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If you want to just service them that should be easy enough to do provided you have a little mechanical ability. A few basic hand tools. And a smartphone.

Servicing and rebuilding are different. Just a quick cleaning and lubing to me is a service. Replacing bearings and broken or worn parts that requires a complete disassembly is a much bigger task.

Watch YouTube videos of similar/same reels being serviced. Gather the appropriate tools to do the job. Get a clean place that you can lay out the pieces. Then use your phone to take pictures or video of everything before you take it apart. As you proceed keep taking pictures or video. Now if for any reason you don't know how it goes back you have a reference.

As has been stated some of the reels actual values are hard to justify the expense of a shop. However If the reels are your dad's and sentimental comes into play. If you don't want to risk learning on them I would suggest DVT as well. 

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you tube is resource but keep in mind each reel is a little different. Have a schematic in front of you and take pics and notes to aid reassembly. 

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Hate to mention it, but if your Dad is that old and the reels are by those manufacturers, their worth is more sentimental than anything else.  Put them in a case or on a shelf.  The rods are not likely worth much either.  Not trying to be mean, just practical.

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Some things you just cant put a price on, 

  I understand your thoughts of learning to repair them yourself, but me being mechanically inclined I even send mine out as it takes a bit of time to learn the specifics, acquire the proper tools and lubes, and delegate a proper space to actually do the repairs,... you will have many small parts, clips, screws that are easy to loose, you'll have to delegate what gets lubed with which, a grease or oil or graphite. And it takes quite a bit of patience, which I gave up on many years ago, Could have been the fat fingers I have complicating things as well.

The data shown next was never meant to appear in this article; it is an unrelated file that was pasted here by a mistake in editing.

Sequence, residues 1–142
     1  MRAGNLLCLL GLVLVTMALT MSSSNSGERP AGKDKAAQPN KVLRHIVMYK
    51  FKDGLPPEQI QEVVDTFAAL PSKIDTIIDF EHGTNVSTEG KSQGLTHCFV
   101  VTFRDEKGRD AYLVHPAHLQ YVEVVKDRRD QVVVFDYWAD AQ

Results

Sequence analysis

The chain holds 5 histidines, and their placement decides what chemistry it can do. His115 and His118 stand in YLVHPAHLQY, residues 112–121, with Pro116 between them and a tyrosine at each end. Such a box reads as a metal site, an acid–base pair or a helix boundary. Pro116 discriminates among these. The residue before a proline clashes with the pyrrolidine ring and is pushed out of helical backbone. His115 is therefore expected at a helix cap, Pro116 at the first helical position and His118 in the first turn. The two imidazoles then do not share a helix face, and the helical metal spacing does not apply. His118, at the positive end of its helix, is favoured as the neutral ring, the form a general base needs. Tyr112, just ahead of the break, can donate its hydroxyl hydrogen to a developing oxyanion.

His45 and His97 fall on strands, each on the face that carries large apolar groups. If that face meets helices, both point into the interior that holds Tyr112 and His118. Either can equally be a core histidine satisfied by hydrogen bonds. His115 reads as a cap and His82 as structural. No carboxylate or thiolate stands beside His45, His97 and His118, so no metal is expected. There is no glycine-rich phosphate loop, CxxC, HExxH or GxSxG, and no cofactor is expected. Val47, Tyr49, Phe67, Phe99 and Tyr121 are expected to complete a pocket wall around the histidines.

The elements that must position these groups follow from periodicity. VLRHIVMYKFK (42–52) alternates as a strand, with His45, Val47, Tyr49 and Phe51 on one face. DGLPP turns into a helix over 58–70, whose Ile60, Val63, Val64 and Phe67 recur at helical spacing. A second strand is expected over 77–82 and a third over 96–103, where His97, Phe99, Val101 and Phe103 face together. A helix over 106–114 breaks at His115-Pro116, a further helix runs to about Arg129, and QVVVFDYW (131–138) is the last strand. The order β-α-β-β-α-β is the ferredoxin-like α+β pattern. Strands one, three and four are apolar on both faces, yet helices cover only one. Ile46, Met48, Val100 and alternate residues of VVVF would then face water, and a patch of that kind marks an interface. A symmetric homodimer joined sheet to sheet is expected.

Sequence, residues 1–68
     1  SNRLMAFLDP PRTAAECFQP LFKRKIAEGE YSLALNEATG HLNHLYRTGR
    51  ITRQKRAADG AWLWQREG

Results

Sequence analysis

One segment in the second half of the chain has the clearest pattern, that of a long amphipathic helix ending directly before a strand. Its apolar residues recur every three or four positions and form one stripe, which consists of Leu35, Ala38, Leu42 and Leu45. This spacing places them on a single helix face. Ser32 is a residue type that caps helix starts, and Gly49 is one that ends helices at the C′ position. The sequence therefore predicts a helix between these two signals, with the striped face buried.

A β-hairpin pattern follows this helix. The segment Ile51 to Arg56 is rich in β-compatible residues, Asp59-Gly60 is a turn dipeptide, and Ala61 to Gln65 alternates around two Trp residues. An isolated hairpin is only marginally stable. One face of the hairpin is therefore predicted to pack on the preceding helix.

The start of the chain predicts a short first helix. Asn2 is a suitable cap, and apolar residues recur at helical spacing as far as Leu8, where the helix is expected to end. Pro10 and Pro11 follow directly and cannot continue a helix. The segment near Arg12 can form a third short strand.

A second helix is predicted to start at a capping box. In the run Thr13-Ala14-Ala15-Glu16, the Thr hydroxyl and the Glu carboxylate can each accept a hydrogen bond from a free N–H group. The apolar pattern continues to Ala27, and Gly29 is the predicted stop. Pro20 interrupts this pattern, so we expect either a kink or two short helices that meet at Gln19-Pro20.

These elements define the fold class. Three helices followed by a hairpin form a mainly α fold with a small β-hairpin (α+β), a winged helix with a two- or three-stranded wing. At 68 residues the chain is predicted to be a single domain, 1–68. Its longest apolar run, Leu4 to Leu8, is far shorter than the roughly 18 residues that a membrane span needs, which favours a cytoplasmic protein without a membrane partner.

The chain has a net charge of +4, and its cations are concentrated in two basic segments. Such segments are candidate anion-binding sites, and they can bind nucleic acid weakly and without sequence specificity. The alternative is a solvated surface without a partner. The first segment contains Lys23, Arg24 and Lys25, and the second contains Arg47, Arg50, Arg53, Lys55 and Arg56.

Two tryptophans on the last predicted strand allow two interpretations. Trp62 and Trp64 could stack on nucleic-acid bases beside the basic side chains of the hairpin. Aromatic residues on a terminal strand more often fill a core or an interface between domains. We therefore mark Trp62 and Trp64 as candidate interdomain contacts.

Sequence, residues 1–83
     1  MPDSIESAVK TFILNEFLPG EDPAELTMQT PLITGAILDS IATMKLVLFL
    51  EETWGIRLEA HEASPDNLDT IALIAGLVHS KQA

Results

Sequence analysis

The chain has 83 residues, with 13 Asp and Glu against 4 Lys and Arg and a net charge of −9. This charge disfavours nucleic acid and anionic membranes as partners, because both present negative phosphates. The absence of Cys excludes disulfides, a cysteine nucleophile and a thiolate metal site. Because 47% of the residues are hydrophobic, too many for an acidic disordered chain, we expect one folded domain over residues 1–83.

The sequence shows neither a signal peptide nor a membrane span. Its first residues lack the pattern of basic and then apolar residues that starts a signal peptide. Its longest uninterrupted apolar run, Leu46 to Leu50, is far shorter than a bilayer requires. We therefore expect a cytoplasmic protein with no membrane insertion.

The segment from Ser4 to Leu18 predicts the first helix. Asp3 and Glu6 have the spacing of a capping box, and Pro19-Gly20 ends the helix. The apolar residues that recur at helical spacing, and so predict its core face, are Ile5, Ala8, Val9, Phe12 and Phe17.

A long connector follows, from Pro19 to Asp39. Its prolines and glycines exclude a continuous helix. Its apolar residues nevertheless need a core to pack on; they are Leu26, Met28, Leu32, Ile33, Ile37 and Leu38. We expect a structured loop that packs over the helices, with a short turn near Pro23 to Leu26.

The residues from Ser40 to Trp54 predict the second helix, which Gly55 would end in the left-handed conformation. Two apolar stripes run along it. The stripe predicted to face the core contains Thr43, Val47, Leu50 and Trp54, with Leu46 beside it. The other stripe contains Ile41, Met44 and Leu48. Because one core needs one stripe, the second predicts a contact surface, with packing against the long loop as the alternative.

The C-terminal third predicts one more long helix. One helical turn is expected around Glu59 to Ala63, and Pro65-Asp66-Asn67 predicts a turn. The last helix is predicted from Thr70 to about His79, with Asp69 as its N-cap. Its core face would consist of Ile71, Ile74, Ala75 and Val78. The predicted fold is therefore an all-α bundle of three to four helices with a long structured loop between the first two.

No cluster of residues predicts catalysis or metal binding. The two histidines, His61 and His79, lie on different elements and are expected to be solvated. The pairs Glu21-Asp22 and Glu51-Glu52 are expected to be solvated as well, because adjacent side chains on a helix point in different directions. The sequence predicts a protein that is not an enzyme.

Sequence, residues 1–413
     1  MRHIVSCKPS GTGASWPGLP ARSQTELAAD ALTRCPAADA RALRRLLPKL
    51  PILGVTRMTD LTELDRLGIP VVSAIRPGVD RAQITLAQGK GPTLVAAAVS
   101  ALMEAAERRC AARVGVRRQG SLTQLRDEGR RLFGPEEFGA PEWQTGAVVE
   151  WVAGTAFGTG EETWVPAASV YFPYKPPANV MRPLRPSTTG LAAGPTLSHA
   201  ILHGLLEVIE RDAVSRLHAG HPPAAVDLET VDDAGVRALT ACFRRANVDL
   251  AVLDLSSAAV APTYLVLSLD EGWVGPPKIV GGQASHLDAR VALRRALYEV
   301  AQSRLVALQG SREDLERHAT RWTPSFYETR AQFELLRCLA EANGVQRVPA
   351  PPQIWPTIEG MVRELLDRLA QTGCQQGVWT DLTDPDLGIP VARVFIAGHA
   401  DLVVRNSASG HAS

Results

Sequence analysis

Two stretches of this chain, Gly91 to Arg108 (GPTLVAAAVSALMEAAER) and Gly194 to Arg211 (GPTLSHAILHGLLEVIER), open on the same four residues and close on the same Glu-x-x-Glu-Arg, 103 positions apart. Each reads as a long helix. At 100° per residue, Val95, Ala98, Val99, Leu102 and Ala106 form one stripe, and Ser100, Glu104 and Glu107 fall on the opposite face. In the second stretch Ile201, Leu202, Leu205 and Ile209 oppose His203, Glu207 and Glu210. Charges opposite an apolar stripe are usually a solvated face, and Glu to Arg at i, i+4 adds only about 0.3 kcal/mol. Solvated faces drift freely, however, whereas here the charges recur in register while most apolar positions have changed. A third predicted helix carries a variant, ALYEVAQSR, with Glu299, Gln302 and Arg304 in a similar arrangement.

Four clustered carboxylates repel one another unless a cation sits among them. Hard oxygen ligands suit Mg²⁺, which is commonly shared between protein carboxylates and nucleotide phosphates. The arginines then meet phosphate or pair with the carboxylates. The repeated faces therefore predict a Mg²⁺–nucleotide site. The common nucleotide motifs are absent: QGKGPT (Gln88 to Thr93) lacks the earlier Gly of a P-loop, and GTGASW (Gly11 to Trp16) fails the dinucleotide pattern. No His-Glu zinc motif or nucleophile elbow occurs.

Being a novice I would reccomend DVT for the reels, he did 2 for me recently, and after one day of fishing I already noticed the difference over other shops I used for servicing (Thanks Mike),... In my 50 years of fishing hes so far the best Ive found. Of course these are reels that are over $100  a peice to buy and I feel they were worth the service over replacement

 As for the rods, never stand them up in a corner, even a cheaper berkley  wall type rod rack is a better option, the wooden racks are nicer though and are usually free standing meaning you dont need to have a few feet of open wall space.